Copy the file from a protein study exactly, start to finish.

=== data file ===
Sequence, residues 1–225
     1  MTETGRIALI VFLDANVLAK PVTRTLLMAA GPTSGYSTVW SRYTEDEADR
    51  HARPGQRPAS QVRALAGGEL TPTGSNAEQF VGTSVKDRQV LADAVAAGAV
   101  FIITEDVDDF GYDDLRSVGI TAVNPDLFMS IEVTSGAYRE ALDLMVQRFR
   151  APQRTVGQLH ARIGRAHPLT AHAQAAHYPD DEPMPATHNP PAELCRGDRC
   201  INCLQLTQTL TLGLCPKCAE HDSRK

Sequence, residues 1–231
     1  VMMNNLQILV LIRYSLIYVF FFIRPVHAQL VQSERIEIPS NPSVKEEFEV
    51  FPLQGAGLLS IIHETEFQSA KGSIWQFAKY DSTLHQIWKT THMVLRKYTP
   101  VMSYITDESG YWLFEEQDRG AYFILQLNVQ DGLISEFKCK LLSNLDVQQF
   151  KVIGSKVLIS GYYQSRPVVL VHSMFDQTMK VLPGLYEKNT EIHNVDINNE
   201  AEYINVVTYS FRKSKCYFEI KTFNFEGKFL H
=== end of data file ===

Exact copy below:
Sequence, residues 1–225
     1  MTETGRIALI VFLDANVLAK PVTRTLLMAA GPTSGYSTVW SRYTEDEADR
    51  HARPGQRPAS QVRALAGGEL TPTGSNAEQF VGTSVKDRQV LADAVAAGAV
   101  FIITEDVDDF GYDDLRSVGI TAVNPDLFMS IEVTSGAYRE ALDLMVQRFR
   151  APQRTVGQLH ARIGRAHPLT AHAQAAHYPD DEPMPATHNP PAELCRGDRC
   201  INCLQLTQTL TLGLCPKCAE HDSRK

Sequence, residues 1–231
     1  VMMNNLQILV LIRYSLIYVF FFIRPVHAQL VQSERIEIPS NPSVKEEFEV
    51  FPLQGAGLLS IIHETEFQSA KGSIWQFAKY DSTLHQIWKT THMVLRKYTP
   101  VMSYITDESG YWLFEEQDRG AYFILQLNVQ DGLISEFKCK LLSNLDVQQF
   151  KVIGSKVLIS GYYQSRPVVL VHSMFDQTMK VLPGLYEKNT EIHNVDINNE
   201  AEYINVVTYS FRKSKCYFEI KTFNFEGKFL H